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Tuesday, November 15, 2011

New Path for the Pack

I should qualify that headline. Our dog, Sarah, continues on her old path, except for plaintive, questioning looks that say, “Where are the pork chops?” as she gazes up at our dinner table. The new path has been taken, the big change made, at David’s request (that’s the really astonishing part of the story), and it is—that he and I have recently embarked on a plant-based diet!

So far the change has not been at all painful. I haven’t photographed our exciting new meals, despite the fact that many of dishes have been very attractive visually, as well as tasty, but here’s the run-down so far:

Wednesday: collard soup, mixed wild rice, acorn squash with golden raisins and maple syrup, sauteed leeks

Thursday: sauteed mushroom caps, rice/collard/mushroom “pancakes,” baked yam, cold tofu salad with scallions, toasted sesame seeds and peanut dressing

Friday: red quinoa w/ golden raisins & green leek tops, chopped mango and red pepper with fresh ginger and Balsamic vinegar, steamed broccoli, cottage cheese

Saturday: pureed chestnut soup (no cream), veggie burgers (tofu, chopped walnuts, chopped parsley and scallions, egg white, bran flakes), mixed wild rice, tart cranberry-tangerine-mango relish

Sunday: leftovers from Saturday, along with leeks and red pepper sauteed in sauterne and Balsamic vinegar

Monday: French onion soup, steamed collards with garlic and sesame oil, baked acorn squash

My sister asked if the onions were cooked in butter. They were not. They were cooked, slowly, with many turnings, in olive oil, and the broth was made with Better Than Bouillon vegetable base (comes in jars in soup section of supermarket) and Worcestershire. The house smelled delicious. (The collards were like candy, too.) So you see we are not rabidly pure vegans, but we are tending toward that end of the vegetarian spectrum.

An odd coincidence is part of the story. A week ago Monday one of my customers e-mailed to ask me to order two books for her, Veganomicon: the ultimate vegan cookbook, by Isa Chandra Moskowitz & Terry Hope Romero, and The Joy of Vegan Baking: the compassionate cooks' traditional treats and sinful sweets, by Colleen Patricdk-Goudreau. My customer and her husband had just read The China Study, by T. Colin Campbell, and they had been converted by the book to veganism. “Never say never,” she remarked in her e-mail. I’d made a joke only the evening before, saying ostensibly to Sarah while she eyed our grilled ham and cheese sandwiches, “You better hope your dad never decides to become a vegan.” “Fat chance!” was David’s response.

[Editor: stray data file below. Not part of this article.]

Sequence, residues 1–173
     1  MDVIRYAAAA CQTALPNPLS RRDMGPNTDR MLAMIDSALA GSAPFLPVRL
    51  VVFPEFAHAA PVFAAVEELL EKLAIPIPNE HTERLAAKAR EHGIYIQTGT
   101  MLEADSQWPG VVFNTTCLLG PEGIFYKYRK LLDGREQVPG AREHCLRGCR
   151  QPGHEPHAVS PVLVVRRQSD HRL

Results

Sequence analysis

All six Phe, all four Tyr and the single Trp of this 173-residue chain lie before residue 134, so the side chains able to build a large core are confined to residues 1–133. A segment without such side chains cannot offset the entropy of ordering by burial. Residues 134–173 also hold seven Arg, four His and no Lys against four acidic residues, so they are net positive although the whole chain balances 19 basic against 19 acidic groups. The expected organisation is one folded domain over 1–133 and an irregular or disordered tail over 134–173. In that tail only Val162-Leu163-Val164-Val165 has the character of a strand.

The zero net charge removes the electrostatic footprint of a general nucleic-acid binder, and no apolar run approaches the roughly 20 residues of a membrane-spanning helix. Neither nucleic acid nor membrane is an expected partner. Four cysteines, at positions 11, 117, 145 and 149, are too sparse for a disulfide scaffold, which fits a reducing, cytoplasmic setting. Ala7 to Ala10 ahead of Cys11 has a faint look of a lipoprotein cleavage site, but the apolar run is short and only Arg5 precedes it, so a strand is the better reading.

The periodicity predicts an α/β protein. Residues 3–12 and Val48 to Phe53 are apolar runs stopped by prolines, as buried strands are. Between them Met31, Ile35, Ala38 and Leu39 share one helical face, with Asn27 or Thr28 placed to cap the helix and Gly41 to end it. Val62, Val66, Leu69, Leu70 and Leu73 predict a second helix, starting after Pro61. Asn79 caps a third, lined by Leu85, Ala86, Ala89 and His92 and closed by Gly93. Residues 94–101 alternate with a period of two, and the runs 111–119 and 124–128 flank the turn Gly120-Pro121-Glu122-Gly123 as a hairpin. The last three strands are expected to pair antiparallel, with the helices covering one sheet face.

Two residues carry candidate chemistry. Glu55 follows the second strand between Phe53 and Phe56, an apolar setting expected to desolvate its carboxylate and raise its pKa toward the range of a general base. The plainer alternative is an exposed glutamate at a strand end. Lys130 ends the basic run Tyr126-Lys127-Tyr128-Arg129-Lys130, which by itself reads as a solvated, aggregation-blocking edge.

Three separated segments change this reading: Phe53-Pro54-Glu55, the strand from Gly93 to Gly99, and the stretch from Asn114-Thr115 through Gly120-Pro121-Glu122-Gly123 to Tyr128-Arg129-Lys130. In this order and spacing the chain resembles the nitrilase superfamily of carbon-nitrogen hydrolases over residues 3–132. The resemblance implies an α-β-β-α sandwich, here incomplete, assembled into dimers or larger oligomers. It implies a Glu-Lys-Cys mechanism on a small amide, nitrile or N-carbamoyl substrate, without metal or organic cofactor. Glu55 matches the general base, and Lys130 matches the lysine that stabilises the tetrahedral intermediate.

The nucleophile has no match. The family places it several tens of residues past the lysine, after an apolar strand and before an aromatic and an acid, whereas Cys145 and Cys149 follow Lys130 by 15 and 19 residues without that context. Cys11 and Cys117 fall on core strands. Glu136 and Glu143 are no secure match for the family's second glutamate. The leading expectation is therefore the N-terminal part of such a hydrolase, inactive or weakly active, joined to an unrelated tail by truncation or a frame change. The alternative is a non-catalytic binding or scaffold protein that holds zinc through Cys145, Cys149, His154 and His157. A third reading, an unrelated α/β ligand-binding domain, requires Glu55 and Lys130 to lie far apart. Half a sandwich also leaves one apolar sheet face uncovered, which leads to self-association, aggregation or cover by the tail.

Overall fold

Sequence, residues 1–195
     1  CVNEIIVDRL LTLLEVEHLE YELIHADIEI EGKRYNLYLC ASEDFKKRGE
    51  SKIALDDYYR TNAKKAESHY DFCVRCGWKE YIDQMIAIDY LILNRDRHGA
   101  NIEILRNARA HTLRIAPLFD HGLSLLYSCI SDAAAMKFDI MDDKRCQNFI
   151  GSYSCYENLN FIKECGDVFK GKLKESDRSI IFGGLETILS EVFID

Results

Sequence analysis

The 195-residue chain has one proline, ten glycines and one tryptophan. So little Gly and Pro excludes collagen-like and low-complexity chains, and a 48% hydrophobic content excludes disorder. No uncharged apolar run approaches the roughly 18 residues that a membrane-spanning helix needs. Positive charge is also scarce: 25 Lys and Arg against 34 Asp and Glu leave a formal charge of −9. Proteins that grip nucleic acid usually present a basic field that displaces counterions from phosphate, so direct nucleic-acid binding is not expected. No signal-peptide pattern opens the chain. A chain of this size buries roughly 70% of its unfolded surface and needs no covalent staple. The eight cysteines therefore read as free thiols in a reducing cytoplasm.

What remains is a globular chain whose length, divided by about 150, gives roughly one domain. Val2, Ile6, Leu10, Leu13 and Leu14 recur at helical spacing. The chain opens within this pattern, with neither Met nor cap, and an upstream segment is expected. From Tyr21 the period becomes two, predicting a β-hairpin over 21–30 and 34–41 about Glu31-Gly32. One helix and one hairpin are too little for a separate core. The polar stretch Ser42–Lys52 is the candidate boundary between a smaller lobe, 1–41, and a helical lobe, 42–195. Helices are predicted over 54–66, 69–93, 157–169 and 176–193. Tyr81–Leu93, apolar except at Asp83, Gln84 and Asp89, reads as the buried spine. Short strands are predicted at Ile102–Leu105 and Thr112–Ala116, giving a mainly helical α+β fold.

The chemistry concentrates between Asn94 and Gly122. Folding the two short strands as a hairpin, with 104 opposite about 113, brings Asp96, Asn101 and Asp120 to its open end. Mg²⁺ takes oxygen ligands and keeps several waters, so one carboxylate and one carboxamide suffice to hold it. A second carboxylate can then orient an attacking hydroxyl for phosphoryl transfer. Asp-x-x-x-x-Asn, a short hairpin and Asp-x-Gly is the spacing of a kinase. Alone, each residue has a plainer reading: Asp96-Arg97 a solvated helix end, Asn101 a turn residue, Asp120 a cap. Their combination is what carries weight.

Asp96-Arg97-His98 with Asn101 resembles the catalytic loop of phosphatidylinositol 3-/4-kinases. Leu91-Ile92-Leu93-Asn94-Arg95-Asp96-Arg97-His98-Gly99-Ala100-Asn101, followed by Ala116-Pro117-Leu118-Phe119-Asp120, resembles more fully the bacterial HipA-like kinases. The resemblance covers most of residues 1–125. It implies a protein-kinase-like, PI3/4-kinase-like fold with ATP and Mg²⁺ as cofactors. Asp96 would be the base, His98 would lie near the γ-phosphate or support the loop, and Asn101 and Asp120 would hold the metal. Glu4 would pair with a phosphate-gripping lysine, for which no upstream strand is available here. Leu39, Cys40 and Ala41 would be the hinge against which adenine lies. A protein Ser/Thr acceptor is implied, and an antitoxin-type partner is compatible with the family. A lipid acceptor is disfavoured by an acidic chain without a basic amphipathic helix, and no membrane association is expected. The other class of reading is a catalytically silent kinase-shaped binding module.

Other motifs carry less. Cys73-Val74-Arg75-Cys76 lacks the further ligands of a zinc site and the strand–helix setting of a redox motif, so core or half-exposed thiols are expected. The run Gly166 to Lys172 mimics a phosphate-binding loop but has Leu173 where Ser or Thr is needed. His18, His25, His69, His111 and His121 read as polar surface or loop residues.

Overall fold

But then fast forward to Tuesday evening. David had brought home from the library a documentary called “Forks Over Knives,” not knowing anything about the film, which we watched it after dinner, and as the final credits rolled he announced, “I’m ready!” Campbell’s cancer research was presented in the film, along with clinical results achieved heart patients changing to plant-based diets under the supervision of Dr. Caldwell B. Esselstyn.

Research results are not “noncontroversial.” (What is?) You can read the evidence pro and con for yourself. For now, we’ve decided to give this path a chance. We’re finding our meals very satisfying and at the same time not overly filling (no “stuffed” feeling afterward), and I imagine this is the way I might be eating at a health spa, except that someone else would be doing the planning, shopping, preparing and cleanup--I’m not complaining about the work involved, though. It’s actually pretty interesting and challenging, being “whacked” out of our old, dull routines, paying more attention to colors and textures.